Lynchings were common in mob justice, not only as a means of death but also to try to get information.
“This happened to Jesse James’ father when some Union militia came to the James farm,” Johnston said. “These militiamen put a rope around his neck and hauled him up to a tree and then let him down to get some information out of him. They would do this repeatedly until a man finally told what he knew or died. Or, as in the case of Jesse James’ stepfather, he had brain damage from being deprived of oxygen.”
Beatings, often with ropes or sticks, were not uncommon, and there were the old-West style shootouts.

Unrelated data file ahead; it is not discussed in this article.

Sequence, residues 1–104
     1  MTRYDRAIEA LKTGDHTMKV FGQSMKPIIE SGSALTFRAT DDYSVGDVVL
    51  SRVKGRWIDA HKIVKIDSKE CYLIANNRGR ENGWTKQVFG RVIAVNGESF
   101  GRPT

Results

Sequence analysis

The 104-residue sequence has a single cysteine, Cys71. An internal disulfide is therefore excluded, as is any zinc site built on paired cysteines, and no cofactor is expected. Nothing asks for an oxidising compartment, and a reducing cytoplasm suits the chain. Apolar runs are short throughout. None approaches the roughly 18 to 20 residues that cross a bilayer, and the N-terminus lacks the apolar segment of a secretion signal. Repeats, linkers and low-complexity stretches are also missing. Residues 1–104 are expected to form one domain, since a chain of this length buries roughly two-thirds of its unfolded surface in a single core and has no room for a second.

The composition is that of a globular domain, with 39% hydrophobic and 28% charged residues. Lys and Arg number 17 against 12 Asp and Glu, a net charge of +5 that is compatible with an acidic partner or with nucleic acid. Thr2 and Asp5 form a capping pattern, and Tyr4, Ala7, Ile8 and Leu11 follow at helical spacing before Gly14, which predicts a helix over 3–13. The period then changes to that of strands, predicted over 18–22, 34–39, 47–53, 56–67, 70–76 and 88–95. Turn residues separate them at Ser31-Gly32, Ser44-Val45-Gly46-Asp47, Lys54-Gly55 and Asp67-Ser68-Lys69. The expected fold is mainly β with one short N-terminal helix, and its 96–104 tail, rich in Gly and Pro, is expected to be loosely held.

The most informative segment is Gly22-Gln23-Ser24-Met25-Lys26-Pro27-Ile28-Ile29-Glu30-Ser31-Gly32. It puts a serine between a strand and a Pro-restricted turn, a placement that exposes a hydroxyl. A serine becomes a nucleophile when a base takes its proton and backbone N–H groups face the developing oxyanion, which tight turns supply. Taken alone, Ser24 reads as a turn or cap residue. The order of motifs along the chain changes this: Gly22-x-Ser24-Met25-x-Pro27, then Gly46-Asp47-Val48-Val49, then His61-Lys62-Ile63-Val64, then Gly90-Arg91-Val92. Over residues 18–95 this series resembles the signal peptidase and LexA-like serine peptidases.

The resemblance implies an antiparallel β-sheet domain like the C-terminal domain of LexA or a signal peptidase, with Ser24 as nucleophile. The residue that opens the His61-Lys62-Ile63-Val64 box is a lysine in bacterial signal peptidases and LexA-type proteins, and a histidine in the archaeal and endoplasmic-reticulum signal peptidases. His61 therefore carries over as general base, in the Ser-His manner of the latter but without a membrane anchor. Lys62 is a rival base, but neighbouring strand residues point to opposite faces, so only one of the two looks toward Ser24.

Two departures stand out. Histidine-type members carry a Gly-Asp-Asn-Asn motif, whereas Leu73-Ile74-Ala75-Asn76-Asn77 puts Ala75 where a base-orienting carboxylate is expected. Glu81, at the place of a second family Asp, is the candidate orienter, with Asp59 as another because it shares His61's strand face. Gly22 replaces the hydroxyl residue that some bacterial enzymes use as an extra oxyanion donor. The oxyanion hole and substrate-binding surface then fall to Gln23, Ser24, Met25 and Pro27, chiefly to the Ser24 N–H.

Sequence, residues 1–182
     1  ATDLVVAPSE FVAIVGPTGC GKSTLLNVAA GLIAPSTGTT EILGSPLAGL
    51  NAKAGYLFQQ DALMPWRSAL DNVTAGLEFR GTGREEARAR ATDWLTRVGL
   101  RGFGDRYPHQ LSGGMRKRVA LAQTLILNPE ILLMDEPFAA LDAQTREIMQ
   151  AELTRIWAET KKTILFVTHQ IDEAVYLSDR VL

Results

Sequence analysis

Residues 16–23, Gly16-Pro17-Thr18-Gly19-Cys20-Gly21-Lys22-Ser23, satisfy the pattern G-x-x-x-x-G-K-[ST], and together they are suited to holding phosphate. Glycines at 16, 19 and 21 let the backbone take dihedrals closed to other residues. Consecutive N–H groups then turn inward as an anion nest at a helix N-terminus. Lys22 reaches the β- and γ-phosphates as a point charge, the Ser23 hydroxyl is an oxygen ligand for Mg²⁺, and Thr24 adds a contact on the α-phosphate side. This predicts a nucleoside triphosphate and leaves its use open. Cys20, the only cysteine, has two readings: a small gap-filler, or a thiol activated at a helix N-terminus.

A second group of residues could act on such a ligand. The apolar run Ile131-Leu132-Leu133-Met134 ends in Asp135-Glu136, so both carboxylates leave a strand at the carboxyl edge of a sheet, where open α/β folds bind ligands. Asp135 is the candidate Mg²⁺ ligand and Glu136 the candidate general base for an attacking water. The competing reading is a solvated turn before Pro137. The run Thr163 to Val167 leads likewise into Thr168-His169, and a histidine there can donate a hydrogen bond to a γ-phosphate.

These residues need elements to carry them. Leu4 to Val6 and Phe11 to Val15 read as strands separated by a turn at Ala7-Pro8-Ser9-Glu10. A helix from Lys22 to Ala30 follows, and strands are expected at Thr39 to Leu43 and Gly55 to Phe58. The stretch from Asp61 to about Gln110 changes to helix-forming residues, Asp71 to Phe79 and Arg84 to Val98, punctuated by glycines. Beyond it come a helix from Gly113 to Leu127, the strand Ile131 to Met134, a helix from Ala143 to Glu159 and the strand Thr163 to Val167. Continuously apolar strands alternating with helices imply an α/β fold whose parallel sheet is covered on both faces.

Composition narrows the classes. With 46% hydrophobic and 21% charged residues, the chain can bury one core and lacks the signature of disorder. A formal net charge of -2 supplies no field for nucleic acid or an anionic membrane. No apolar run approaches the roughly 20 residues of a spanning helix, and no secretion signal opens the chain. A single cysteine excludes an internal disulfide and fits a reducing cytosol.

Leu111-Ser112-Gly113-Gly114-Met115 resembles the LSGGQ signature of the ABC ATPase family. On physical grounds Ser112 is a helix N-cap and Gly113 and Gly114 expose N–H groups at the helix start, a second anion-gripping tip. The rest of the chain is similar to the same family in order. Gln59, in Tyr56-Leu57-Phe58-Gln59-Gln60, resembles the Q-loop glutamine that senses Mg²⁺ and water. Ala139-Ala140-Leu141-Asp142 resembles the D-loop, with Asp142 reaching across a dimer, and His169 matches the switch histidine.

This type of justice also often led to ongoing feuds, some lasting years after the original act.
“Sometimes a mob would start out with something well-intentioned,” Johnston said. “One thing you have to say about vigilantes is golly, this guy deserved to be punished. The law wasn’t taking care of it so the people took care of it, and that probably saved someone else from being a victim.
“But in almost every case, there was going to be vengeance the other way. Violence always led to more violence.”
"Necessary Evil: Settling Missouri with a Rope and a Gun" discussion and book signing
- When: 7 p.m. Tuesday, Nov. 18, 2014
- Where: St. Louis County Library Headquarters Auditorium, 1640 S. Lindbergh Blvd., St. Louis
- More information
“St. Louis on the Air” discusses issues and concerns facing the St. Louis area. The show is produced by Mary Edwards and Alex Heuer and hosted by veteran journalist Don Marsh. Follow us on Twitter: @STLonAir.